Obviously, there’s a flip side to that coin, where too much debt and too little cash can quickly become an iceberg to your transatlantic voyage. As a corporate strategy, most companies find it helpful to identify an EBITDA multiple to peg their debt at, somewhere in the neighborhood of 3x EBITDA being a common mark. Anything above that mark would typically mean deploying capital toward debt servicing is probably a good idea.
Internal Growth Initiatives
Also called organic growth, these initiatives are usually relatively small, at least in comparison to your excess cash flow. But that’s not always the case. Sometimes internal growth initiatives are large, long-term reinvestments of cash, maybe a massive migration to cloud computing, a far-reaching digital transformation initiative, or updated equipment on a production line.
Either way, deploying capital towards internal initiatives means you’re investing in yourself, your people, and the tools you need for a successful future. While not as flashy as M&A-rooted capital expenditures, they’re just as vital, particularly for organizations trying to drive growth while also solidifying culture and engagement in this brave new world of remote working and teams scattered to the winds.
R&D is probably the most obvious example of such internal growth initiatives. While some industries don’t have much need for extensive R&D, others live and breathe by innovation. Therefore, it’s impossible to say that, for instance, 15% of your revenue should go toward R&D every year. Whatever metric is right for your operations depends on free cash flow, your competition, industry, and other factors.
Slightly confused at the sight of the term? Maybe a few beads of sweat forming on your forehead? You’re not alone. Far from it. Share buybacks tend to be somewhat of a mythical creature for many chief financial officers – like a financial Sasquatch – but mostly just from unfamiliarity. That said, they can also be a key weapon in your arsenal of capital allocation tools when used at the right time and under the right circumstances.
Just remember, your goal is to maximize shareholder value. Therefore, when swimming in the share repurchase pool, it’s important to be consistent and set the right tone and message for your shareholders. In other words, establish a price range for your buybacks and stick to it – cash permitting – even when your share price is down.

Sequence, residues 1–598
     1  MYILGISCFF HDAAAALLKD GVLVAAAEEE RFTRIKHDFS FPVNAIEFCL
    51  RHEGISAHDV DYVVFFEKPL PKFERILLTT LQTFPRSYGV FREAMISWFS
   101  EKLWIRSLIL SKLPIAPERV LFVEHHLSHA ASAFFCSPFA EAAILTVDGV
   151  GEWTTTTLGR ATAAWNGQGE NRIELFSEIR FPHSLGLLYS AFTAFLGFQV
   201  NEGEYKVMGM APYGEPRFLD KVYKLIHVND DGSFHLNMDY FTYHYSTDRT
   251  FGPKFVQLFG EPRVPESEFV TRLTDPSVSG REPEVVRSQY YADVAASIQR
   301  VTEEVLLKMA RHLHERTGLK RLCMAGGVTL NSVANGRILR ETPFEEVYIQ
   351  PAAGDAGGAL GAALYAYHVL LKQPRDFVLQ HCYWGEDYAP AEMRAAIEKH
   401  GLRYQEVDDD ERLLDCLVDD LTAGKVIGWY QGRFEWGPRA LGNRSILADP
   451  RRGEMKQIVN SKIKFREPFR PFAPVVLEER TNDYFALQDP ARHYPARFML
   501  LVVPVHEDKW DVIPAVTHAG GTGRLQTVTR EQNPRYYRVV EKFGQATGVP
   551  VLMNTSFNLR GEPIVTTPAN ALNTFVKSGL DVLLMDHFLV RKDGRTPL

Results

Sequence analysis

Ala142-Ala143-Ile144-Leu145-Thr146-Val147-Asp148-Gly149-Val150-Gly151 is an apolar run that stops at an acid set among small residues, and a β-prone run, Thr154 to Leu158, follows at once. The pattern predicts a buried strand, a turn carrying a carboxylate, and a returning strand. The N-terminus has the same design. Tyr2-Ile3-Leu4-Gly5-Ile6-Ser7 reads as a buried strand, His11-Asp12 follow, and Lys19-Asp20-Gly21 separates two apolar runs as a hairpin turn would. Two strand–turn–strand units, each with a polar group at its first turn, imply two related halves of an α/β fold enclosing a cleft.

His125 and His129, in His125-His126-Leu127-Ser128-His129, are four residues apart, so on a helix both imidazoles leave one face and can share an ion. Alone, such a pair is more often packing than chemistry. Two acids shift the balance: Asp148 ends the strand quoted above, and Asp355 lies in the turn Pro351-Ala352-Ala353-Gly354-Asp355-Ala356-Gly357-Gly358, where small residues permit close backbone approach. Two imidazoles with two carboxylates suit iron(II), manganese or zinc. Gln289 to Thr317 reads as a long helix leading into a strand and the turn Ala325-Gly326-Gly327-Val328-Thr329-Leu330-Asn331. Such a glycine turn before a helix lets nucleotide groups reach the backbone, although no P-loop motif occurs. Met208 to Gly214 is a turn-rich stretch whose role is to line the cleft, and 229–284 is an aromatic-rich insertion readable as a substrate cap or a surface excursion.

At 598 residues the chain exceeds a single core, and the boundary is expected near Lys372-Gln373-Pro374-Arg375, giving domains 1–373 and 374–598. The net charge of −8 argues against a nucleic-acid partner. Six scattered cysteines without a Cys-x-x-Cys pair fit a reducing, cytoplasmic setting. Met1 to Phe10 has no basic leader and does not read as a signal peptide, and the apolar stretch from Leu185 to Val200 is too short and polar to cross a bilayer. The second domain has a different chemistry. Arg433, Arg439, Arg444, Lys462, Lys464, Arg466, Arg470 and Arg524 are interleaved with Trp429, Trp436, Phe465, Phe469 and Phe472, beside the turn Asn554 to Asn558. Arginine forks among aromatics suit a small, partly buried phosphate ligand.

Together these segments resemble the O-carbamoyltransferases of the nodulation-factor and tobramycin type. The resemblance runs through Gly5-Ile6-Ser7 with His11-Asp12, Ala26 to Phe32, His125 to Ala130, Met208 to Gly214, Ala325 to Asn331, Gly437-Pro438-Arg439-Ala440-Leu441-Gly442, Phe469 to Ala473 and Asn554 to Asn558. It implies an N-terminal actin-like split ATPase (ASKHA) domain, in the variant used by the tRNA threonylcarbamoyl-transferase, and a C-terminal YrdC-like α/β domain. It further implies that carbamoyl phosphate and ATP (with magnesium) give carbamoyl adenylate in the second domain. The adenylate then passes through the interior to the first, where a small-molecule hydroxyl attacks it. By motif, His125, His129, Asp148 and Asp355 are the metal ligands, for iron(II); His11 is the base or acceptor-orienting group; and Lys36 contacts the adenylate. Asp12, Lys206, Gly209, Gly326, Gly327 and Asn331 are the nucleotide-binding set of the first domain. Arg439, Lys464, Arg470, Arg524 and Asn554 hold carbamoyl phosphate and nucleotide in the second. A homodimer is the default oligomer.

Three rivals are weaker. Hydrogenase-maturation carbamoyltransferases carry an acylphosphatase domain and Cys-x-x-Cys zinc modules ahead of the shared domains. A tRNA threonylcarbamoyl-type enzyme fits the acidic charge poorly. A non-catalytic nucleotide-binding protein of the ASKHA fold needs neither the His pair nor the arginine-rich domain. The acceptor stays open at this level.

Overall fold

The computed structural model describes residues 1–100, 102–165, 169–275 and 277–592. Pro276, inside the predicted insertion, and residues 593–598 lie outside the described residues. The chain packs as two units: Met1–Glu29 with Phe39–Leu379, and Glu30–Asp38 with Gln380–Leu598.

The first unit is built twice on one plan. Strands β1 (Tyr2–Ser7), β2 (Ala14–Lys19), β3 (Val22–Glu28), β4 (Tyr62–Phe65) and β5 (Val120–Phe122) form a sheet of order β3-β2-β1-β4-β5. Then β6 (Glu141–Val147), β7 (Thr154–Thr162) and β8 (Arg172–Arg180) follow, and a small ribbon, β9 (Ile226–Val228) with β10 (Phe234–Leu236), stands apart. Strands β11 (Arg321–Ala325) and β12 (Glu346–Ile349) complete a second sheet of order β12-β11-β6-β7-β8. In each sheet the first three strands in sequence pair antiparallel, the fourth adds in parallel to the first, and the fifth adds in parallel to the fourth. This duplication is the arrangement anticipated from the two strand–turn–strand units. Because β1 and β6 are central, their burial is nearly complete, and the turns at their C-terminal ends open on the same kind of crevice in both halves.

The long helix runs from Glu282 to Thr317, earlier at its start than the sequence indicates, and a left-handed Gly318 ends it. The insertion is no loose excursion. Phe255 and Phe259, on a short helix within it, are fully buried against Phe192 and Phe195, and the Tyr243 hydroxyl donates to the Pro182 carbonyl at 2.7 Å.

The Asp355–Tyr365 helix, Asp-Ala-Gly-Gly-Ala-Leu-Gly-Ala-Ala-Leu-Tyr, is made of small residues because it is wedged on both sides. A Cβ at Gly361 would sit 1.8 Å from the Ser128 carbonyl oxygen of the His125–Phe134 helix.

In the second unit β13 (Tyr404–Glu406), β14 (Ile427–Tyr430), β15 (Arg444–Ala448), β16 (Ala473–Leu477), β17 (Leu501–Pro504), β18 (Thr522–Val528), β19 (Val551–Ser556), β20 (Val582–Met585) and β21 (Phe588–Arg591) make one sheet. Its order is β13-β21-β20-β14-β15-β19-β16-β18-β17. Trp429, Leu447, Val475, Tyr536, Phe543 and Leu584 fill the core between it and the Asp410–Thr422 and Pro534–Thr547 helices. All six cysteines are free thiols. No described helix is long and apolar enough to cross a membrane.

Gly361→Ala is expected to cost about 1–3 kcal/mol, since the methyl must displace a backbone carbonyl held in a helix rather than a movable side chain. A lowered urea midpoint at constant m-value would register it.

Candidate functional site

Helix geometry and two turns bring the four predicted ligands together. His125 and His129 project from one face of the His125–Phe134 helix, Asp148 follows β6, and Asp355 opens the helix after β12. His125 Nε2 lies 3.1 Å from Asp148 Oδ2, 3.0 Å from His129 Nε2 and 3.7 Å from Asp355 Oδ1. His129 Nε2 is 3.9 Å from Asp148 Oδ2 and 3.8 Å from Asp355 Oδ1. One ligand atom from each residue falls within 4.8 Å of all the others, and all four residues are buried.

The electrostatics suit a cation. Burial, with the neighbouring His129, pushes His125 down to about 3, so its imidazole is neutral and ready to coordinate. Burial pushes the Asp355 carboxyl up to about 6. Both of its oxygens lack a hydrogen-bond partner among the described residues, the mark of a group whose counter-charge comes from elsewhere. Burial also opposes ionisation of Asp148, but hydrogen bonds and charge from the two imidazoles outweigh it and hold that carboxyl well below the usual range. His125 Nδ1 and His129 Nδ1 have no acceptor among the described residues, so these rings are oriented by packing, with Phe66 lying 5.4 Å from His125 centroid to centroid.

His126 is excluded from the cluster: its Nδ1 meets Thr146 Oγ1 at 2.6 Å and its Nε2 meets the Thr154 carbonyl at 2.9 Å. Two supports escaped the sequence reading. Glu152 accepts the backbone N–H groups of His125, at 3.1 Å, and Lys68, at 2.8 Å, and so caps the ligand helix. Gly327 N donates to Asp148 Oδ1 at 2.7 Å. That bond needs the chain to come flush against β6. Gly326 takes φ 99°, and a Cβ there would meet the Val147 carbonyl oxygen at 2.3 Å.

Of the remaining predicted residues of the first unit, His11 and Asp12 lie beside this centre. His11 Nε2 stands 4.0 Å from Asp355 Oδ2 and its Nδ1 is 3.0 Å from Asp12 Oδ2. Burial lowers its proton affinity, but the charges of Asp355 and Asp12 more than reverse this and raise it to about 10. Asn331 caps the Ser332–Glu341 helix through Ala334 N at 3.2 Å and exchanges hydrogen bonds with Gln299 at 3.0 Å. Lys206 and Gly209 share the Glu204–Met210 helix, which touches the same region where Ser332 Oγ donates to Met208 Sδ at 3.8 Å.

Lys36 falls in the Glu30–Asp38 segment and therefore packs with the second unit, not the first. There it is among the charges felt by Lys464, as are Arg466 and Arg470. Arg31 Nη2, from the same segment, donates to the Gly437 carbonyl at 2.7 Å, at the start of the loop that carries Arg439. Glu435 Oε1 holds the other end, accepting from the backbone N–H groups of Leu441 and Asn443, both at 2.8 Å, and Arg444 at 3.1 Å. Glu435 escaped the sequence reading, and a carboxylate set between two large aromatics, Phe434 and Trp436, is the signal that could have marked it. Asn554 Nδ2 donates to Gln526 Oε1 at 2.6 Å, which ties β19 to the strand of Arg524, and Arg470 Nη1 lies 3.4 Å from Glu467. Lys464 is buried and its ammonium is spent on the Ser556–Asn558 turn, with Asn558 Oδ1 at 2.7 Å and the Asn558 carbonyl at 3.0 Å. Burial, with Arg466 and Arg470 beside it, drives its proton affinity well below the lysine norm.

Of course, this assumes there are no better places for your capital at the time and the buybacks still provide an attractive internal rate of return (IRR) for your company. No matter what, just be sure to clearly communicate your thoughts with your shareholders since they’re the last ones you want to upset.
A cousin to share buybacks, dividends are a convenient way to return excess capital to your shareholders. However, don’t confuse popularity and familiarity with effectiveness. There are plenty of reasons why buybacks are often – but not always – a more attractive option for a CFO, tax efficiency being toward the top of the list.
But aside from the pleasant optics they provide for your company which, in reality, are a secondary consideration, dividends come in handy when you don’t have many obvious alternatives for your capital. They create value by providing a wider spread between your estimated cash flow and the investment opportunity costs of other capital deployment channels.
The rock star of the group, acquisitions have a habit of grabbing the spotlight and holding onto it, but not always for the right or best reasons. Sure, it makes for compelling copy when a CEO announces a “gamechanger” acquisition, but those massive transactions aren’t always what they’re cracked up to be.